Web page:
One of the supporters listed on the page is Blackstone’s Schwarzman, who, as a member of Trump’s informal “kitchen Cabinet,” reportedly speaks to the president on a regular basis.
Schwarzman also chaired an administration advisory group of CEOs that was disbanded last August after Trump insisted that “both sides are to blame” for deadly violence at a white supremacist rally in Charlottesville, Va.
A spokesman for Blackstone did not respond to an inquiry from CNBC about the donation. But the Renova Fort Ross Foundation’s Facebook page publicly thanked Schwarzman in 2015 for supporting an art-related fundraiser it held in San Francisco.
Major corporations like Cisco Systems and PepsiCo are also listed as contributors, as is MIT, which still collaborates with a Vekselberg-led tech institute in Russia. A Pepsi spokesman confirmed that the company donated to the 2012 bicentennial dinner, where its former CEO was among the honorees.
Representatives for MIT and Cisco did not respond to requests for comment from CNBC about what they had donated to the foundation.
As Renova and Vekselberg spent millions building relationships in California, he and his associates were also busy shelling out big bucks for access to power in Washington.
Between 2001 and 2015, the Renova Group and Columbus Nova have spent a combined $1.7 million on Washington lobbyists, according to disclosures filed with the Senate.
After sitting out the 2016 presidential election, Columbus Nova and its CEO, Intrater, went all in for Trump, donating $250,000 to his inaugural committee. Intrater and cousin Vekselberg attended a number of Trump’s inauguration events.
It was during these events that Intrater reportedly first crossed paths with Cohen, whom he quickly agreed to hire as a consultant to Columbus Nova for $50,000 a month.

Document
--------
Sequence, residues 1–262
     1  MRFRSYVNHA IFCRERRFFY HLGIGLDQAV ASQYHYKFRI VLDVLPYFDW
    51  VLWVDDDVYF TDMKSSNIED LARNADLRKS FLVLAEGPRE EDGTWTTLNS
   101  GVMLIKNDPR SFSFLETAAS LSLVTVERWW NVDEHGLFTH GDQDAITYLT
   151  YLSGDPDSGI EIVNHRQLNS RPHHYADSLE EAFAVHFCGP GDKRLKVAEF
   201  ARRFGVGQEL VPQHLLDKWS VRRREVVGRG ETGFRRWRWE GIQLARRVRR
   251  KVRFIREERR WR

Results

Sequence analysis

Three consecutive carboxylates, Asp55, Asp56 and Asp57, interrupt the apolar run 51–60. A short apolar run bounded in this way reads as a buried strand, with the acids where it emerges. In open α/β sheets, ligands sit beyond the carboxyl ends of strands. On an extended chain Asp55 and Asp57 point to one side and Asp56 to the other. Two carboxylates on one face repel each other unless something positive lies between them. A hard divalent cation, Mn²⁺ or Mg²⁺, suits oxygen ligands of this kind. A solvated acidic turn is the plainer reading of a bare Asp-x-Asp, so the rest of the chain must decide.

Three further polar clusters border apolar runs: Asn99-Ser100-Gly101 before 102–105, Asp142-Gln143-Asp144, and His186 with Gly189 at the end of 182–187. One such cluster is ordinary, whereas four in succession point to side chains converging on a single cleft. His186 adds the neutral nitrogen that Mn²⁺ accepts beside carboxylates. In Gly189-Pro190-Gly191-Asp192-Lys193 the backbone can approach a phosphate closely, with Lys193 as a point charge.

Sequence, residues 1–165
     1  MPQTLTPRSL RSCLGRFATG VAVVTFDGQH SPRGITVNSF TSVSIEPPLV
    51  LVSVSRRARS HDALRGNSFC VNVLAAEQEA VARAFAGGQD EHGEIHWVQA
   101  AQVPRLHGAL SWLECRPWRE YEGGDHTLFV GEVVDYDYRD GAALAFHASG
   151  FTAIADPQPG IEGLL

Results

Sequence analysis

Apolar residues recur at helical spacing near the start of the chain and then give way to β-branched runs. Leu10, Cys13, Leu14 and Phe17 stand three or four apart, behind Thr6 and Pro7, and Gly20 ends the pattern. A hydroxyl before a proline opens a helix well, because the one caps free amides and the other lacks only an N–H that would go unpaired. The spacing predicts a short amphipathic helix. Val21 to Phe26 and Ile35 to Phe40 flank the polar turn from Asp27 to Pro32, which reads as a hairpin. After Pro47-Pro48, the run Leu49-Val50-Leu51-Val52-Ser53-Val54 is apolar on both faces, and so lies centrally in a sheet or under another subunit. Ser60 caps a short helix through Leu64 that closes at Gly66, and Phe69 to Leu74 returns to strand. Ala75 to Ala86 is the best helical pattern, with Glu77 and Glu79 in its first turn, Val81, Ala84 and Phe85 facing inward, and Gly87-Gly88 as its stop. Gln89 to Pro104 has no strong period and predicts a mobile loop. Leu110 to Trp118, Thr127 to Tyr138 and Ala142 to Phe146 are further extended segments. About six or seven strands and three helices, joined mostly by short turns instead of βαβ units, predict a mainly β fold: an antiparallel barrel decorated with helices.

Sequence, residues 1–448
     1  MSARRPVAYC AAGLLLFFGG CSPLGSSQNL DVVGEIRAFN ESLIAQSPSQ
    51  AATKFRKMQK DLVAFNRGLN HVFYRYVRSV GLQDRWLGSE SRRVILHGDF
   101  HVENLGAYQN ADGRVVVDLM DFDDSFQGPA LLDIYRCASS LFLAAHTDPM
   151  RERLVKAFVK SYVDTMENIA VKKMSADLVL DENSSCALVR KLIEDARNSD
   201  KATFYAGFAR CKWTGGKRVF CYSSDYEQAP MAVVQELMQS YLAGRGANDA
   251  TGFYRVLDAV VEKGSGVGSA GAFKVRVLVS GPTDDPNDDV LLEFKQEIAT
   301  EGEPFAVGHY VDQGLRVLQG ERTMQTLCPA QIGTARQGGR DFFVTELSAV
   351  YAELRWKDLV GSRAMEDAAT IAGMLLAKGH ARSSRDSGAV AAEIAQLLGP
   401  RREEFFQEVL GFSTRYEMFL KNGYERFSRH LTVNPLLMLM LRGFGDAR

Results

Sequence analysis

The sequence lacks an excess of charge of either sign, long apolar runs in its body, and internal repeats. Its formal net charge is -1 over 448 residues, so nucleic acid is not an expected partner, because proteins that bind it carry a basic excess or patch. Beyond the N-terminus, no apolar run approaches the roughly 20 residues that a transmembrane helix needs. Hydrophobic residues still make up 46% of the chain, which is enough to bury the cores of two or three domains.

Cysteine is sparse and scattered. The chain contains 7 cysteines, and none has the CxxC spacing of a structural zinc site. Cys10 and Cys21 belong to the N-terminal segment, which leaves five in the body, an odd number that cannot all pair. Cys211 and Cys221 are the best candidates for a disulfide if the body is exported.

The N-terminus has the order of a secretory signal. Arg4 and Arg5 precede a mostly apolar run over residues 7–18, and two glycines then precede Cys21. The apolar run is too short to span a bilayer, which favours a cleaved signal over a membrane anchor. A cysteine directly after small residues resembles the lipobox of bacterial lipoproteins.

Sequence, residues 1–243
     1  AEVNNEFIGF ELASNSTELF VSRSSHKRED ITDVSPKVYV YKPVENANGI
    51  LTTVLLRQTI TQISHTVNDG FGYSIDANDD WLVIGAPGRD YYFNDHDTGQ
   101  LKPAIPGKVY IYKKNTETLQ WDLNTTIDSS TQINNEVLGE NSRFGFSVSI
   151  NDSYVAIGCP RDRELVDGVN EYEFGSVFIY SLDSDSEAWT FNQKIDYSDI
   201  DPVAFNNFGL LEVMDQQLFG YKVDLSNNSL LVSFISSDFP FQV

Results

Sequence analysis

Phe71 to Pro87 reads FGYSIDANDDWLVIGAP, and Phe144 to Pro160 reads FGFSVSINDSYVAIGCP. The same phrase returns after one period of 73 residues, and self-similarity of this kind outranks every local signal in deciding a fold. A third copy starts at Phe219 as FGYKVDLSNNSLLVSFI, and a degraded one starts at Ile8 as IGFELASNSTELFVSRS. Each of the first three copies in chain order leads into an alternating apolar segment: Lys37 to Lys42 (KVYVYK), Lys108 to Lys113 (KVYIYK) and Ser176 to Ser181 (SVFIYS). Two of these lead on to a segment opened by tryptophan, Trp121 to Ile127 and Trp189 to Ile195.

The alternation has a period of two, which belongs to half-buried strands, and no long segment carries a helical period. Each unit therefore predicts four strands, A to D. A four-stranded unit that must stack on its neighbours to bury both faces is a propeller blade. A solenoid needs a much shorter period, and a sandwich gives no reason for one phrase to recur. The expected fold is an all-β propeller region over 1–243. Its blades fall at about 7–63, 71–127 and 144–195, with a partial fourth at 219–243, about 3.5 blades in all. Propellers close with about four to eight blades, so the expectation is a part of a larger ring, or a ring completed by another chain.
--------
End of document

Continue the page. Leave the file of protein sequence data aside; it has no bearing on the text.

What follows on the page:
And even though the 2020 presidential election was more than three years away, in 2017 Intrater decided to become a major Republican political donor. On June 26, he gave $35,000 to the Trump Victory Fund and $29,600 to the Republican National Committee. Prior to 2017, Intrater had no significant history of political contributions to either party.
As a foreign national, Vekselberg is prohibited from donating to a U.S. election, and a spokesman for Vekselberg told NBC News this week that the billionaire had nothing to do with Columbus Nova’s decision to hire Cohen.
Vekselberg did, however, donate money to the Clinton Foundation, the nonprofit charitable organization founded by former President Bill Clinton. Donor records show that Renova Group has donated $50,000 to $100,000, and a subsidiary of Renova, OC Oerlikon, has donated $10,000 to $25,000. Clinton Foundation records do not show when the donations were made, and none of Renova’s U.S. associates returned emails or messages from CNBC.